Scorn poured on claims of Diana death plot

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Mohamed al Fayed yesterday increased pressure on the investigation into the death of Diana, Princess of Wales and his son Dodi, after claiming that the fatal crash was not an accident.

Mr Fayed has written to the judge heading the investigation asking him to examine a damaged white Fiat Uno that was reportedly sold last month. Investigators believe the Mercedes that carried Diana and Dodi on the night they died may have struck the Fiat before slamming into a pillar in a Paris traffic tunnel.

Mr Fayed's claim that the crash was the result of a conspiracy has drawn an unprecedented statement from the Princess's office that her sons Princes William and Harry are upset by the continuing speculation. "We have no comment on the article, but this continued speculation is both unhelpful and upsetting to the family," said a spokeswoman for the Princess's office.

Diana's brother, Earl Spencer, said: "I have one question: 'Is there any good in all this speculation?' I ask that because there is clearly a lot of harm in it. All we, her family, ask is that Diana's memory be respected, and that sensational speculation be left out of the public arena, where it undermines all our aims to come to terms with our loss."

Investigators in Paris refused to be drawn by Mr Fayed's remarks, with one saying: "Mr al Fayed has his own opinions but we are not prepared to comment on them."

Mr Fayed's lawyer, Georges Kiejman, sent a letter to the investigating judge on Wednesday to let him know that a damaged white Fiat Uno was sold to a garage in the Paris region in January, a judicial source in Paris claimed. Mr Kiejman found the car through a private investigator.

A source close to the judge was yesterday reported as saying: "This prolonged period of grieving has certainly affected the way [Mr Fayed] is looking at hard facts. More than 100 detectives have failed to turn up any evidence of a conspiracy."

Mr Fayed's public allegation that the crash was not an accident will fuel the conspiracy theory mill.

At first, the theories were largely confined to the Arab media. For the most part, people were prepared to accept that the Princess's death was an accident which could have happened at any time. Yet as the investigation into the tragedy dragged slowly on, so the rumours have grown.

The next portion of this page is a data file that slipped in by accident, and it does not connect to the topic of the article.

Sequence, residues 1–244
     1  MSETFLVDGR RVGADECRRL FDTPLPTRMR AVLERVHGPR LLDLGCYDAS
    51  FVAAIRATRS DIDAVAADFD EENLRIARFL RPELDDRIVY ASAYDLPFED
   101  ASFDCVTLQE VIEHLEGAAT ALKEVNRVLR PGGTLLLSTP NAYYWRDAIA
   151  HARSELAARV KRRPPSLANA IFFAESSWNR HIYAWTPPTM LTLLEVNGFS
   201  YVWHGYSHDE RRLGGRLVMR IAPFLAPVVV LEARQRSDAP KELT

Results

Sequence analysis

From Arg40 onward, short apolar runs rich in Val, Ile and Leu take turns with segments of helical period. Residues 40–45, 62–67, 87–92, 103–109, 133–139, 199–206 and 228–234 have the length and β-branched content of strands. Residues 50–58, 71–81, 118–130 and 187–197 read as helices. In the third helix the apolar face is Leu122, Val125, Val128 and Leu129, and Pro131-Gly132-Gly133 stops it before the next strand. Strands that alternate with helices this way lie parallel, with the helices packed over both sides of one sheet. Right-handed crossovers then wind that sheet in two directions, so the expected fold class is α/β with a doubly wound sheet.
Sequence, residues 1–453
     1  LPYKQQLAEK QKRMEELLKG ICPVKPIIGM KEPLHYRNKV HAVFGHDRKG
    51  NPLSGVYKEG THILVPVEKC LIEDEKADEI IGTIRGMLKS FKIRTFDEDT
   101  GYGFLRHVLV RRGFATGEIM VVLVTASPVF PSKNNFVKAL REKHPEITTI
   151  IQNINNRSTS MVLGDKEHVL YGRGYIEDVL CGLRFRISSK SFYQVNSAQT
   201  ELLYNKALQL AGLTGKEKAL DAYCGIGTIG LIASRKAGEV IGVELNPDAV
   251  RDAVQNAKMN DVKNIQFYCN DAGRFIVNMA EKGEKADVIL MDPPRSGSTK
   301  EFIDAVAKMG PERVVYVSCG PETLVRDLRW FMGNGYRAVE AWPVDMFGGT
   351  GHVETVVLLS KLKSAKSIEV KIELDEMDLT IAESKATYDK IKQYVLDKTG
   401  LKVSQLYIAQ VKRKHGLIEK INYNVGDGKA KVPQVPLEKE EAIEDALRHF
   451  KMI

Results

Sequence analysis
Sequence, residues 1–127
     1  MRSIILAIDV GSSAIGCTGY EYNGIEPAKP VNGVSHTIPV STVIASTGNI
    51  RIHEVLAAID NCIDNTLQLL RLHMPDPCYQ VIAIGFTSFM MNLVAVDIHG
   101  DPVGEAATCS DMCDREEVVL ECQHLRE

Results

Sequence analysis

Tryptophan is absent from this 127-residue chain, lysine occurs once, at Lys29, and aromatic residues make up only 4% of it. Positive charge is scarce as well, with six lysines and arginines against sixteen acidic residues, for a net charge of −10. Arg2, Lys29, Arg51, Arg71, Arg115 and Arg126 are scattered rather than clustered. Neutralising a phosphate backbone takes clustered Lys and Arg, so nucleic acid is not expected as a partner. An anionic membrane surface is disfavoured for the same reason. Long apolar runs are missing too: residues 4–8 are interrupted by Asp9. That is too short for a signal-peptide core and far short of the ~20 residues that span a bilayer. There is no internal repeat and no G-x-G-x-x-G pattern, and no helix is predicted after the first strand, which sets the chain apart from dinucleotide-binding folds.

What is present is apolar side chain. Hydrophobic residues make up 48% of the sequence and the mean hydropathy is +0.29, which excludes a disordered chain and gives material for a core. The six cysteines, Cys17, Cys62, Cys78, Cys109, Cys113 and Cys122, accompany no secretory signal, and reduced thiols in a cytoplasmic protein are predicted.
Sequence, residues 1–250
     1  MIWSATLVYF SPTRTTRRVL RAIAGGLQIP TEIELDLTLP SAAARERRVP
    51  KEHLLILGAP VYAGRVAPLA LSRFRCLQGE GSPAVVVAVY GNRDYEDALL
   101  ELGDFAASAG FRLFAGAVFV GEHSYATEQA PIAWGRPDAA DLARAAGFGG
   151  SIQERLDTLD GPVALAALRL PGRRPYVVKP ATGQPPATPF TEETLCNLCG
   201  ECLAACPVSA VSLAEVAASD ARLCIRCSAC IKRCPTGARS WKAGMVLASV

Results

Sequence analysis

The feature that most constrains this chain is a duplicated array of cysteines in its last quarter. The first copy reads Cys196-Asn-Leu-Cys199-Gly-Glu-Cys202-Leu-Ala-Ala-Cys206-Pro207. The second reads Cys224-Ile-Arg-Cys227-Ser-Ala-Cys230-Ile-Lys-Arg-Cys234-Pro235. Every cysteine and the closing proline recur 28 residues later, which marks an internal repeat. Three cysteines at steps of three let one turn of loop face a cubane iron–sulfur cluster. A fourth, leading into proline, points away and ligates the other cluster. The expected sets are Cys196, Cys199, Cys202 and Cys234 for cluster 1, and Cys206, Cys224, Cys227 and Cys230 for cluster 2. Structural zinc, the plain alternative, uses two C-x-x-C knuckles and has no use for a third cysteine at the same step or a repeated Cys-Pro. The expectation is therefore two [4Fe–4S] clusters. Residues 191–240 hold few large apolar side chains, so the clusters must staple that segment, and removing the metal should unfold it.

Within hours of Diana's death, newspapers received calls claiming the crash was not an accident. But the conspiracy theory really took hold three weeks later as it emerged that a white car, described as a Fiat Uno, had been involved in the accident but had mysteriously disappeared. Furthermore, the existence of the car had at first been denied by the French authorities.

Then on 22 September, Time magazine, published an article stating that a doctor claimed to have been informed by a colleague, who treated the princess at the crash scene, that she had told him that she was six weeks pregnant. People remembered that Diana told journalists last summer: "You will have a big surprise coming soon, the next thing I do." This followed the publication of photographs in which she appeared to have a slightly swollen stomach.

It was also recalled she told friends she believed her days were numbered because she was regarded as a "loose cannon".

Her relationship with the Muslim son of Mr Fayed, someone who did perhaps more than any other individual to undermine the reputation of the former Conservative government, could be seen as the ultimate insult to parts of the establishment.

In a new book, Death of a Princess: An Investigation by Thomas Sancton and Scott MacLeod , the authors speculate that Diana's alleged pregnancy was the most "explosive element" in the whole affair.

They write: "For the mother of the future King of England to bear the child of an Arab and a Muslim, a child who would be the half-sibling of the heir to the throne, would be embarrassing and problematic in the eyes of the Royal Family and the ruling Establishment."